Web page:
Danville, Hartford, Weathersfield, Rockingham, Sudbury, Springfield are all towns across Vermont that have had mosquitos test positive for West Nile Virus.
“So far we’ve tested 20 positives for West Nile Virus. The majority of those, 15 of them have come from the town of Springfield,” said Vermont’s Public Health Veterinarian, Natalie Kwit, who tracks the cases of both West Nile Virus and Eastern Equine Encephalitis across the state.
She says this is the time of year we start seeing cases of the mosquito borne diseases pop-up and although these numbers are concerning, the disease might not be as widespread as you would think.
“It’s usually only 2% of the mosquitos that we test that have it. Some areas might have a higher density of it but it’s still a fairly low percentage of that population that’s carrying that disease,” said Judy Rosovsky, Vermont State Entomologist.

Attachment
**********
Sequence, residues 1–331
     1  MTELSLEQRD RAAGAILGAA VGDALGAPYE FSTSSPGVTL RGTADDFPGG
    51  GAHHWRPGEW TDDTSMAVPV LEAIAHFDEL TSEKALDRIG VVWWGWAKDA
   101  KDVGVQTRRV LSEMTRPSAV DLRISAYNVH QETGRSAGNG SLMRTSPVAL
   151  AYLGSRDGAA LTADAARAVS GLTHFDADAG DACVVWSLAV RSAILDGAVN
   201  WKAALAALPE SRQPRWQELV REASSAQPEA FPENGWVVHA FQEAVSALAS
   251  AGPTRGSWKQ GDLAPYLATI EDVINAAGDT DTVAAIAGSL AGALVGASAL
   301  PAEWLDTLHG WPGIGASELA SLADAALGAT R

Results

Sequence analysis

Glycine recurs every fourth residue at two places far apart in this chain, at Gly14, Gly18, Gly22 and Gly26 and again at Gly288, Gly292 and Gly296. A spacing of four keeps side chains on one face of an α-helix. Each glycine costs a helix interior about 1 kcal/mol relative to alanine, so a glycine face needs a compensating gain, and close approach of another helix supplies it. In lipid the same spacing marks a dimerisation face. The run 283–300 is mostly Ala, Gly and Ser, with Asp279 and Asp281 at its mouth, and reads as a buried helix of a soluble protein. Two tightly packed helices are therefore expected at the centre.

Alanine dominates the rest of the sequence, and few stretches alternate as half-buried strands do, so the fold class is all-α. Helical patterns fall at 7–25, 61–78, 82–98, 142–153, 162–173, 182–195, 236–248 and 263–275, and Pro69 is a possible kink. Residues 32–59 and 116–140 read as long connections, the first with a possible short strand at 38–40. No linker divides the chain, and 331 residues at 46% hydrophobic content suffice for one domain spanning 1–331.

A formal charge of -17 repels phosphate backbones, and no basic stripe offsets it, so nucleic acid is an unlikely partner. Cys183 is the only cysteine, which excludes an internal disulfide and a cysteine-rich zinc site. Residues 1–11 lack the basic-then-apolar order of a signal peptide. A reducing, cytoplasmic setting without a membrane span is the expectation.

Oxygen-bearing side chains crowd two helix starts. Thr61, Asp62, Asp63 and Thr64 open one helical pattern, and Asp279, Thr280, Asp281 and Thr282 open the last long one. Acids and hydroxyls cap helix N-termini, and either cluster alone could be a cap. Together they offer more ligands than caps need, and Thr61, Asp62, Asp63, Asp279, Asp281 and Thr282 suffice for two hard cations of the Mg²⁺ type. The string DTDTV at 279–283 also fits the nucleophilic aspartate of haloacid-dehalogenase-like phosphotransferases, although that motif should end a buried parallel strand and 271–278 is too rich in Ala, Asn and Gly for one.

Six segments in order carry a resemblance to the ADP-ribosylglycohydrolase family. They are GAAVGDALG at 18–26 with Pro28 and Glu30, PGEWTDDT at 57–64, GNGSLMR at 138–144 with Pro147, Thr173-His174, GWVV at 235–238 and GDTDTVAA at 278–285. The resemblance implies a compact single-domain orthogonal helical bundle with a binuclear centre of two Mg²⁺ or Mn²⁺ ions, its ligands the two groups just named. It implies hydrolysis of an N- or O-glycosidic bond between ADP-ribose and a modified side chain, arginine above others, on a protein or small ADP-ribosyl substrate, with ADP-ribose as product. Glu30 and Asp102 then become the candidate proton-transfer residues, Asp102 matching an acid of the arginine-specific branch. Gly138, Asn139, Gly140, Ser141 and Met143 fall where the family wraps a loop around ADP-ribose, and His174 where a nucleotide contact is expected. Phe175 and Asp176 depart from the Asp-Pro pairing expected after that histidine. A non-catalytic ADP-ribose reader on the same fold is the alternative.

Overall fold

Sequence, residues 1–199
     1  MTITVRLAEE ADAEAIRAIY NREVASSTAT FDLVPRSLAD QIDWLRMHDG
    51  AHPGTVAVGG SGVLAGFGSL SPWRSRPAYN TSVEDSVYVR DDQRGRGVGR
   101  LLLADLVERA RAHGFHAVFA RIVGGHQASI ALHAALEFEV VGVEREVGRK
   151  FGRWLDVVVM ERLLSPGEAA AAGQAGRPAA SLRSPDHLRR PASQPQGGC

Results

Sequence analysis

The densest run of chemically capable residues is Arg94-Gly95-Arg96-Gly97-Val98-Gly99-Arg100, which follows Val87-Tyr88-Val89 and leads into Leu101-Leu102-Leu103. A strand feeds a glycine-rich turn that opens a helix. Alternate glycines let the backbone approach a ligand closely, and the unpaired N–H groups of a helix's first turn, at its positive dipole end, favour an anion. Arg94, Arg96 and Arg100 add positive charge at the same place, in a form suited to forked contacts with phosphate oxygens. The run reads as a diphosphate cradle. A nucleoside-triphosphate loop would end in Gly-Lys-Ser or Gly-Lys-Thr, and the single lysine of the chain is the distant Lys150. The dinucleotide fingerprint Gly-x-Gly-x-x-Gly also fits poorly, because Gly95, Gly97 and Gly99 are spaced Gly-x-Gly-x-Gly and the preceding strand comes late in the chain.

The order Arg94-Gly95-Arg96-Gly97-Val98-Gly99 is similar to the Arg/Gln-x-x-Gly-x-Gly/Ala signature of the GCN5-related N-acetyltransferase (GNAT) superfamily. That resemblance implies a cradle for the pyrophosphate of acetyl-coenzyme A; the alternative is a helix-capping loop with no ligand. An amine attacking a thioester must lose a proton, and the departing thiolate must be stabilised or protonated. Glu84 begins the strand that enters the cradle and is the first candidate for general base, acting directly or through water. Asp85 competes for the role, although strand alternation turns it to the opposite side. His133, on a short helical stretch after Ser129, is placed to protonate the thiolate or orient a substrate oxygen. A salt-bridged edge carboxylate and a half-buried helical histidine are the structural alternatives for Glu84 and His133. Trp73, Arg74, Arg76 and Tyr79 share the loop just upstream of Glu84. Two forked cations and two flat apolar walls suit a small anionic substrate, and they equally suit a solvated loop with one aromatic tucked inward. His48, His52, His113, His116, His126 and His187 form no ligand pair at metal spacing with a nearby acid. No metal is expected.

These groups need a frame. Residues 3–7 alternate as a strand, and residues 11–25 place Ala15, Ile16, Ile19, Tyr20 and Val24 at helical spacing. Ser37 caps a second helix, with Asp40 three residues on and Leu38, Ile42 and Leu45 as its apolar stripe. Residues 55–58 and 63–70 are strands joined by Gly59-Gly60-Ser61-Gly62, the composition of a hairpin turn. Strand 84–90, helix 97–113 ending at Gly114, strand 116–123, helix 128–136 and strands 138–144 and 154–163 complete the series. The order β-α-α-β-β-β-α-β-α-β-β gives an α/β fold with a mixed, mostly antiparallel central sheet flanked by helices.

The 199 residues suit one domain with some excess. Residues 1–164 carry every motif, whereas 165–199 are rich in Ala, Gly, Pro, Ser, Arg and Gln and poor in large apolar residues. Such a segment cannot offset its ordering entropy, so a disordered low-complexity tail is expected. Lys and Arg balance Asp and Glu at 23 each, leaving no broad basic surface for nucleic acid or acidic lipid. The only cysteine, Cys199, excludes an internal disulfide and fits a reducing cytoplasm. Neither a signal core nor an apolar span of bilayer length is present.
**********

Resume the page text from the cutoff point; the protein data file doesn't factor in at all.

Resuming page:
In 2017 of the 4300 tests perform in various locations around the state just under 90 tested positive for West Nile Virus and only 3 human cases were reported.
“80 percent of persons infected with West Nile Virus do not show any symptoms 20 percent of those do,” said Kwit.
Milder cases feature fevers, body ache, skin rash and swollen lympnodes.
But of the 20 percent of symptomatic cases less than 1% of those infected with the virus can develop a more serious illness that attacks the neurological system.
“Fever, malaise, joint pain, nausea, vomiting,” said Kwit.
Both Rosovsky and Kwit say keeping the mosquitos away is your best bet to protect yourself.
“Wear EPA registered repellant, wear long sleeves and long pants especially at dawn and dusk when mosquitos that carry West Nile Virus are most active,” said Kwit.
West Nile has not been detected in the North Country, but there have been multiple cases in New Hampshire.